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This article in SSSAJ

  1. Vol. 44 No. 5, p. 993-995
    Received: Dec 17, 1979
    Accepted: Apr 18, 1980

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Plant Effects on Soil Manganese Availability1

  1. Gnahoua H. Godo and
  2. H. M. Reisenauer2



Relationships differ greatly between soil Mn solubility and pH, between plant uptake of Mn and soil pH, and between plant uptake of Mn and nutrient solution pH. The discrepancies suggest that soil Mn availability is controlled by neither soil nor plant characteristics per se but by the combined effects of soil properties, plant characteristics, and the interactions of plant roots and the surrounding soil.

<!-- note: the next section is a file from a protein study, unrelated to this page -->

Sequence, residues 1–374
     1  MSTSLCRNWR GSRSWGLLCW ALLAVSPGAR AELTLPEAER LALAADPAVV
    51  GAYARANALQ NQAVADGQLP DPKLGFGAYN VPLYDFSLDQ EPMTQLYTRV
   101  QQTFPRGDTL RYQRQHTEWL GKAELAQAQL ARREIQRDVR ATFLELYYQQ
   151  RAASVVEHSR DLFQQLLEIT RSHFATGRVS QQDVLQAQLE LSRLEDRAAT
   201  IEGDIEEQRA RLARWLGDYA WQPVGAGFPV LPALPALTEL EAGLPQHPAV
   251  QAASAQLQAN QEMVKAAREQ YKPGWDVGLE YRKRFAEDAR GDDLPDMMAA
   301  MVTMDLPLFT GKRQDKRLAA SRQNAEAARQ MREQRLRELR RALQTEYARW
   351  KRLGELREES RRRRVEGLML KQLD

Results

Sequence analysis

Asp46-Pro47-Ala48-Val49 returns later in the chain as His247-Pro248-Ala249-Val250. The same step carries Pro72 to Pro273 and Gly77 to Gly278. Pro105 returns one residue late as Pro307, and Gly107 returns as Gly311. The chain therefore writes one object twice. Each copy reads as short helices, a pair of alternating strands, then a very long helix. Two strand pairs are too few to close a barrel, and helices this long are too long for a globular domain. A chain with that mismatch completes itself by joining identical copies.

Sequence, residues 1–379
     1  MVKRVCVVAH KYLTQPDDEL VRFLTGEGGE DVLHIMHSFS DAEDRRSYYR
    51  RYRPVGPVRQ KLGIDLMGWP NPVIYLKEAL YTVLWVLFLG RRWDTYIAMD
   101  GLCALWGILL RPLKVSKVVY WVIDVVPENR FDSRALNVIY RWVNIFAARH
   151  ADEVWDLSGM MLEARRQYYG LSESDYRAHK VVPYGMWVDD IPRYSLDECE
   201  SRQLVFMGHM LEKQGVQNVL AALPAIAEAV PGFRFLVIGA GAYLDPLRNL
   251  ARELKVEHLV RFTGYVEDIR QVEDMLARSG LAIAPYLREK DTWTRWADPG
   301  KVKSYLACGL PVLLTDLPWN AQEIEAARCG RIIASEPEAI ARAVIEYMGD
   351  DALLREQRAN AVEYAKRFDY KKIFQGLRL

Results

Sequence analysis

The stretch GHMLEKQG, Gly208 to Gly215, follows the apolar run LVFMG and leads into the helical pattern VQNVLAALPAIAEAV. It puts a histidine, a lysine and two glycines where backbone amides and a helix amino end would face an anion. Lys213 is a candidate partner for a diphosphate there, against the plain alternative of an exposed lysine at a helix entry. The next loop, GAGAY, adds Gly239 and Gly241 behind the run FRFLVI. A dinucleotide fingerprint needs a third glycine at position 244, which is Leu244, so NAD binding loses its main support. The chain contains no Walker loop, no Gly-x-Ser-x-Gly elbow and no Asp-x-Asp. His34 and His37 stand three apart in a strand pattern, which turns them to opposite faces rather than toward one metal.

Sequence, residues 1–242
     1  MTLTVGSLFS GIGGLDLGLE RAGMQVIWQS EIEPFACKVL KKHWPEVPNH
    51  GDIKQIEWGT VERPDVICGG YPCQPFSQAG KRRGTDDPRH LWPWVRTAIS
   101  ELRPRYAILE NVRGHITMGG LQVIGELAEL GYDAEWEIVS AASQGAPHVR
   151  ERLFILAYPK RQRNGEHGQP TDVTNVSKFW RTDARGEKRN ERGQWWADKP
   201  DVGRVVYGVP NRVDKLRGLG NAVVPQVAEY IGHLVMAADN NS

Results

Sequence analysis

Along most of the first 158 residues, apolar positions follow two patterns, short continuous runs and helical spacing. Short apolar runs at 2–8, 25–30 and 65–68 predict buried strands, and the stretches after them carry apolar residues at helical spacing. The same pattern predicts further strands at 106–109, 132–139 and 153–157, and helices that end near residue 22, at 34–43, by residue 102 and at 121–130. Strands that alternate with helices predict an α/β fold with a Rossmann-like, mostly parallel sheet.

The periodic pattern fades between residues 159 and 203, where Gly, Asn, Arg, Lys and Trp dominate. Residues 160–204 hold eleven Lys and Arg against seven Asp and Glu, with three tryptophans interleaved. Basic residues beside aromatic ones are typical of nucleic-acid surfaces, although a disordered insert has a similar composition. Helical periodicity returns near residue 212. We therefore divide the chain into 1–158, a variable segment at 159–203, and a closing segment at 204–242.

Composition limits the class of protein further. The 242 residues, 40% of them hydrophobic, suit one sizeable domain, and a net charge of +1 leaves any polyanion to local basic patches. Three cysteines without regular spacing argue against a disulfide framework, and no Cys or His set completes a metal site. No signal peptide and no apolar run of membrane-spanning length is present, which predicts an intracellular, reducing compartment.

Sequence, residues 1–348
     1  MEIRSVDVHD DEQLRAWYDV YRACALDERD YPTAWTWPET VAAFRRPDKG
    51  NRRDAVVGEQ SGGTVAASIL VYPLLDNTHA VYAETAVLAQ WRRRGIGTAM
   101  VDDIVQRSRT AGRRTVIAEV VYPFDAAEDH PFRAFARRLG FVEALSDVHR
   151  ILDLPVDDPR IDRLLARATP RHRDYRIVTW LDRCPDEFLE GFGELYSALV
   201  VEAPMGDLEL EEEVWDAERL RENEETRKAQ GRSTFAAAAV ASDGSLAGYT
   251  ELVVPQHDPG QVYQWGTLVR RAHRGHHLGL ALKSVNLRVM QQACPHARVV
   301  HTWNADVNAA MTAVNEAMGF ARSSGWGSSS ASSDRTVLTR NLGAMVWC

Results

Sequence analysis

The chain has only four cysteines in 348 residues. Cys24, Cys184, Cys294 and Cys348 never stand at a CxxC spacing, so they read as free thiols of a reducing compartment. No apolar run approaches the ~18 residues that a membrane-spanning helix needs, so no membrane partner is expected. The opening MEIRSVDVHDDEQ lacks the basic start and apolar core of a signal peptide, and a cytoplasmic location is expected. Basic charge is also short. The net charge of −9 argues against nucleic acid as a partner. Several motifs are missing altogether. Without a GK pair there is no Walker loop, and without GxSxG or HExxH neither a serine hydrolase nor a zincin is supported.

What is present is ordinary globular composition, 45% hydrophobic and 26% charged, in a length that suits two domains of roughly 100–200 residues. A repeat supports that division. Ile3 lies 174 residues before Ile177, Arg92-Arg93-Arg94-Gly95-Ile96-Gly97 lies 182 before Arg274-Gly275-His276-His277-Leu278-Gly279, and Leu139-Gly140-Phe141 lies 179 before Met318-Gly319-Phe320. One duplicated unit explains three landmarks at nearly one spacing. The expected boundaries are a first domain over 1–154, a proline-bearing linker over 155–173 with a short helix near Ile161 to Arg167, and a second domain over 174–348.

Experiments were done to evaluate the contributions of root/soil interactions, specifically those of root exudates, to Mn availability. The solubility of soil Mn and of MnO2 in root exudates and in rhizosphere and bulk soils was measured over the pH range of 4.5 to 6.5. The relationships between pH and MnO2 solubility in solutions of root exudates and selected root exudate components closely resembled those between plant uptake of Mn and soil pH. Similarly, the relationship between CaCl2-soluble Mn in the rhizosphere soil and soil pH resembled that between plant uptake of Mn and soil pH. The pattern with pH of the CaCl2-soluble Mn of the bulk soil was that of soil alone and fell below that of the rhizosphere soil. These relations establish that root exudates make an important contribution to plant uptake of soil Mn. Exudate compounds, such as hydroxy-carboxylates, increase soil Mn solubility through reducing MnO2 and complexing the divalent Mn released. The effect is particularly marked in systems more acid than pH 5.5 and explains many of the apparent anomalies of soil Mn availability.

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